The well-known conductor and pianist Teodor Ryder returned from a prestigious position at the opera house in Lyon to Warsaw in 1916. At the time, the young musician was at the peak of his career. After working for several years in Warsaw, he moved to Łódź, where he rapidly became a leading figure in the city’s rich cultural life. Not only an important conductor and accompanist, Ryder was a founder or organising member of many musical associations, clubs, and community organisations. This varied musical activity did not end with his forced deportation to the Łódź ghetto at the beginning of 1940. On the contrary, Ryder became a valued figure in the ghetto’s vibrant cultural world, and continued to perform and organise even after the death of his wife. He gave his final concert in the summer of 1943.
Teodor Henryk Ryder was born on 10 June 1881 in the small town of Piotrków near Lublin, Poland. His father was a lawyer, and his parents gave him piano lessons as a child. Although he was primarily a professional conductor, he remained a successful pianist throughout his life. Following the completion of his secondary education, he pursued his musical education abroad, with a lengthy stay in Darmstadt, Germany. Between 1904 and 1916, he worked as a conductor in Germany, Switzerland and France. His most illustrious position was that of second bandmaster at the Lyon opera house. It was probably also in Lyon that he met and fell in love with his future wife, the German singer Ida Voth, who converted to Judaism for their marriage.
Having established himself musically, in 1916 Ryder returned to his homeland, where he found a position as orchestra leader at the large opera house in Warsaw. After two years in Warsaw he went to Łódź, where he remained until his deportation. In 1919 he began to conduct the philharmonic orchestra there, and eventually attained leading positions in many musical associations and groups. He performed for the Polish radio, and for Polish, Jewish and German theatres. In addition, he was busy as a successful accompanist for soloists and singers, and as a music teacher at the academy.
The Ryders were forced into the Łódź ghetto in March 1940. Ryder was involved with the foundation of the House of Culture under the leadership of Jewish Council chairman Khayim Rumkowski. In the ghetto’s early months he performed regularly as a conductor and accompanist: the ghetto newspaper mentions four complete concerts of his over the next two years, featuring the music of Beethoven, Liszt, Mendelssohn, Puccini and Schubert. In celebration of the House of Culture’s success, Ryder and other leading musicians of the ghetto organised a ‘jubilee concert’ in the winter of 1941. A ghetto review in Polish gives an idea of the collective pride in these musical offerings, and their importance to the maintenance of morale:
In 1941 the House of Culture performed its one hundredth in a series of concerts. This jubilee concert took place on the last day of the year and was devoted to a violin recital by Bronislawa Rotsztatówna accompanied by maestro [Teodor] Ryder. The programme consisted of works by Bach, Glazunov and Mozart. Aside from the 100 concerts, the House of Culture, which was created on 1 March, has presented 85 revue performances ... there were two special shows for children ... The cost of a ticket ranges from 30 pfennig to 1 mark, while shows for factory workers cost from 20-30 pfennig.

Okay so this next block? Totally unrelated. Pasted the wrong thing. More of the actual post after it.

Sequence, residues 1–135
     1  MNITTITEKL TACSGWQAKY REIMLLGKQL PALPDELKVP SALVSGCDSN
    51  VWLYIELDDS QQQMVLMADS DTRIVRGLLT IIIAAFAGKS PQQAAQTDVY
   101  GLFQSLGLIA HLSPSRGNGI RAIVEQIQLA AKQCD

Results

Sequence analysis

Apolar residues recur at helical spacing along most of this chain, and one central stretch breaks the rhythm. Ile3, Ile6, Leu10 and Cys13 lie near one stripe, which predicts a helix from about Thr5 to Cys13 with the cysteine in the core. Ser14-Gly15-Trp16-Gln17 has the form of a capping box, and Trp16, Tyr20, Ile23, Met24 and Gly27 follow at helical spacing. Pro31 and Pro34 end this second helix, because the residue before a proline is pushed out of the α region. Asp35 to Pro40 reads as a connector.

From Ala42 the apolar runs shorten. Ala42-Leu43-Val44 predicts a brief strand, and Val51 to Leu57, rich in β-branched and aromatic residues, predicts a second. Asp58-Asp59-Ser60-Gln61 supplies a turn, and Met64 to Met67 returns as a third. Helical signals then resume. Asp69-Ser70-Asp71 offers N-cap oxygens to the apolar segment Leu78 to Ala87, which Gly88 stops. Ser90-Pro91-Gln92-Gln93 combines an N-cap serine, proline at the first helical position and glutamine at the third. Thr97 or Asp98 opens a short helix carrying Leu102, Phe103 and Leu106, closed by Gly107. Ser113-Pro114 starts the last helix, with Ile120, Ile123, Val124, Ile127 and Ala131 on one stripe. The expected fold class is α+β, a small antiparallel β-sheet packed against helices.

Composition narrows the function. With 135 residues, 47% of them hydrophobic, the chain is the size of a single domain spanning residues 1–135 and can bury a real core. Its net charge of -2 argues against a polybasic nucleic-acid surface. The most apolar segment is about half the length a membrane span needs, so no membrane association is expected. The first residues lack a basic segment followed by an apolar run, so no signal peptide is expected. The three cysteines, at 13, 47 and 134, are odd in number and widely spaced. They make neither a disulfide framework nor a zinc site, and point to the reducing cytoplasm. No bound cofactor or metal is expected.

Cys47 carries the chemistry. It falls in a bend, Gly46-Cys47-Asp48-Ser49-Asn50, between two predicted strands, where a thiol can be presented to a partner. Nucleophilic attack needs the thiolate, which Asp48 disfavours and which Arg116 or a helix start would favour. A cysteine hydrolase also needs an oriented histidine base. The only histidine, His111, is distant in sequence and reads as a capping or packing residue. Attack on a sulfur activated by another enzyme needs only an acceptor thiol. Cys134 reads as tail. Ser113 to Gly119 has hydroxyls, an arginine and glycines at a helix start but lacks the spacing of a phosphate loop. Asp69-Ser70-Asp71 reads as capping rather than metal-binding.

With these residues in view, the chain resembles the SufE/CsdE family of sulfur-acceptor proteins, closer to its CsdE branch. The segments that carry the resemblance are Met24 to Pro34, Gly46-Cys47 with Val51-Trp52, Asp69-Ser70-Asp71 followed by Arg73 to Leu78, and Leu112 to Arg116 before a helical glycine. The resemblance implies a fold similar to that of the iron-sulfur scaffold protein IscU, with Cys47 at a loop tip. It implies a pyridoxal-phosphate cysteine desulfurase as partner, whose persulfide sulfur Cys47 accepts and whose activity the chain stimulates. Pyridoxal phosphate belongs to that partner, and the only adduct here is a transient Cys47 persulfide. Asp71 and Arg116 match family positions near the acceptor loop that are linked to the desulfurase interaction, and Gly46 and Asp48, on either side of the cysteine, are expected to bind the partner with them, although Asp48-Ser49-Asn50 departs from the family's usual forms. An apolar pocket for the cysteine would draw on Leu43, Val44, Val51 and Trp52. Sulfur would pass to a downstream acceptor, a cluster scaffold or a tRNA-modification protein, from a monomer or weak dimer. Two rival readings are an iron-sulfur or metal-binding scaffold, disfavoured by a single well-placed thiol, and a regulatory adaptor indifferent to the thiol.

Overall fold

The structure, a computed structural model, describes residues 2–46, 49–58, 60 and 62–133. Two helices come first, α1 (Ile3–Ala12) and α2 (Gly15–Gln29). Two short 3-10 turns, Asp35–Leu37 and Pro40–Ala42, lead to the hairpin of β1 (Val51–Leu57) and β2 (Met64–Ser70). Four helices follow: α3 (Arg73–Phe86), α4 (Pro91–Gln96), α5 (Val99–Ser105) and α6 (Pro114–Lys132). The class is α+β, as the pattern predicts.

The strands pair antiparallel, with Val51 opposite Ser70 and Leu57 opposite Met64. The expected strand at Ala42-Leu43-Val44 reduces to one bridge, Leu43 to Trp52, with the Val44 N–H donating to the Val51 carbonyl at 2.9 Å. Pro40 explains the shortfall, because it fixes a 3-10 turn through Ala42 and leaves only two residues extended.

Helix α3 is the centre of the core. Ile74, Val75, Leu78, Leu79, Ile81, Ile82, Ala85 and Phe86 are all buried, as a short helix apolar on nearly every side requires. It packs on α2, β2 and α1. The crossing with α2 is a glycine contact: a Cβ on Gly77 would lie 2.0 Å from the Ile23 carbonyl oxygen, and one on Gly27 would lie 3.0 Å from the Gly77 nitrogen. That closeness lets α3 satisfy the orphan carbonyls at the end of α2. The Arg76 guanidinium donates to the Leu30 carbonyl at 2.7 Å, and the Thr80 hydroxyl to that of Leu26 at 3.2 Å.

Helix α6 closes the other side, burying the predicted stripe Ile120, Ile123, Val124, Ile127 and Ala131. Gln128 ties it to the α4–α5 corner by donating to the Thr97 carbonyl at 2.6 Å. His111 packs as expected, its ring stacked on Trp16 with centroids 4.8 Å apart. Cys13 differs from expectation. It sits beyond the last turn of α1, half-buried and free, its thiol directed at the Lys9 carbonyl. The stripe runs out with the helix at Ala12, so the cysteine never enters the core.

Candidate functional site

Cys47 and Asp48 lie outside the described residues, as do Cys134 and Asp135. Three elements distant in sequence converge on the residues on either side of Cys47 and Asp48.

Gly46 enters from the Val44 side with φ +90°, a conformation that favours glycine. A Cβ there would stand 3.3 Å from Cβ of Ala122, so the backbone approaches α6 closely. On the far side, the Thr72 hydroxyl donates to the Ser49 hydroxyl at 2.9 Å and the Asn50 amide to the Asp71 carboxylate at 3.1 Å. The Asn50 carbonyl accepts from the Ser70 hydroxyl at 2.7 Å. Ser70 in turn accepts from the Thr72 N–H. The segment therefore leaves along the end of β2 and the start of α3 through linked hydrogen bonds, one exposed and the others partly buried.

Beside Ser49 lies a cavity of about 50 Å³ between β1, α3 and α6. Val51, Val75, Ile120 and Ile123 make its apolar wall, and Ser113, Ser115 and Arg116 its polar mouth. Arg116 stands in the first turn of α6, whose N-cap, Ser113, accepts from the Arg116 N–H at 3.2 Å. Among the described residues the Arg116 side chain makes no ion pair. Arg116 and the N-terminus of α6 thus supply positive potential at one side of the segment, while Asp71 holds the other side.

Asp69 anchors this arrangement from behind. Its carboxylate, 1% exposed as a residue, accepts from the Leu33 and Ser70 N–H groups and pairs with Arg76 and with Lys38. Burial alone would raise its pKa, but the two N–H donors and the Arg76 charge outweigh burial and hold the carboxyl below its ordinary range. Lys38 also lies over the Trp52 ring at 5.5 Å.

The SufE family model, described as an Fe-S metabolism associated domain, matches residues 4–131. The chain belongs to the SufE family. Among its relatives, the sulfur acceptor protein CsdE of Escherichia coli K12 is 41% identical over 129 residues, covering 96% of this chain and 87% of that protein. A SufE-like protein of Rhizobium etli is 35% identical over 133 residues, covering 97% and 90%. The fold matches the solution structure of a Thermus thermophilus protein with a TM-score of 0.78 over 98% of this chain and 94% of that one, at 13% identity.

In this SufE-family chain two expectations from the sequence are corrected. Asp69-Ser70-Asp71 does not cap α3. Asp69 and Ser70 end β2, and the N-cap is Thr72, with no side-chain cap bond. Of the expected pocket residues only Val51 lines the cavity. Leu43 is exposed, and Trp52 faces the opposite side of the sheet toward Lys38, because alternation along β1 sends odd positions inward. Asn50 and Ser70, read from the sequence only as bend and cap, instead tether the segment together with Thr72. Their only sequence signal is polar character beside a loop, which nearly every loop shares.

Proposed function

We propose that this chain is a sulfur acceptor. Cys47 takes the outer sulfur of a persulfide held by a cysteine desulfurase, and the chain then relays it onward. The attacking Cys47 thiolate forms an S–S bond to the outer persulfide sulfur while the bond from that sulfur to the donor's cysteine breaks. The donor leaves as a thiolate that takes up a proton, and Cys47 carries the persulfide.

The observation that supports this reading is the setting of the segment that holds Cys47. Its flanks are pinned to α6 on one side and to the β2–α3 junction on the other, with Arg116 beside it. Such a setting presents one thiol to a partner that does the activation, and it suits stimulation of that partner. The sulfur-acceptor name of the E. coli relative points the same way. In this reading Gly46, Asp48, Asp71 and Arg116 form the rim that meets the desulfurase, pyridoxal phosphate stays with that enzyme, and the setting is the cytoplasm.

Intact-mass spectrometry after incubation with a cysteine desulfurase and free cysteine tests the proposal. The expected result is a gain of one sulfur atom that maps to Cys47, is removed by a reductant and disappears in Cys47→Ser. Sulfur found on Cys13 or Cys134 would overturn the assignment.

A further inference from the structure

Ryder performed often with Rotsztatówna, who had been a soloist in the Łódź symphony orchestra before the war, and one of the most successful musical events in the ghetto was their series of three Beethoven concerts. A rare surviving review in German of the evening, balancing antisemitism with sincere appreciation of great musical talent, reported that
Ryder led the evening with talent. The yellow Jew star on the right shoulder quivers with his body as he passionately sways along to the rhythm of the music. The public – the great majority are from Łódź – feel drawn to the music of Beethoven. The German classic is not foreign to them – on the contrary, it is well known. And there are a number of visitors who hum to themselves Beethoven themes from symphony and violin concerts on the journey home, as if they were popular Yiddish folk songs – psychologically speaking a noteworthy phenomenon, that can also be observed in other [non-musical] disciplines.
Ryder’s last documented concert was in June 1943, when he performed as a pianist in a mixed concert of instrumental music and song. In 1944, the Nazis expropriated all instruments in the ghetto: this marked both the end of cultural activity, and imminent liquidation. The ghetto was cleared by the end of the year; both Ryder and Rotsztatówna were deported to Auschwitz in the autumn of 1944. (Ryder’s wife Ida had died while still in the ghetto: despite her non-Jewish origins, she refused to divorce him and convert back to Christianity, though this would have allowed her to leave.) Rotsztatówna managed to survive the horrors of the camp, after liberation returning to Łódź to become the concert mistress of a new philharmonic orchestra. Ryder was probably killed with the other members of the Łódź ghetto in Birkenau.
Dobroszycki, L. ed., 1984. The Chronicle of the Lodz Ghetto, 1941-1944, New Haven: Yale University Press.
Kuna, M., 1993. Musik an der Grenze des Lebens: Musikerinnen und Musiker aus Böhmischen Ländern in Nationalsozialistischen Konzentrationslagern und Gefängnissen, Frankfurt/M.: Zweitausendeins.
Krickeberg, K. & Zeile, H., 2005. 'Über Teodor Ryder, Dirigent, in Auschwitz ermordet, und Ida Ryder geb. Voth, Sängerin, im Ghetto von Lódz verhungert’. musica reanimata - Mitteilungen, 57, 14-16.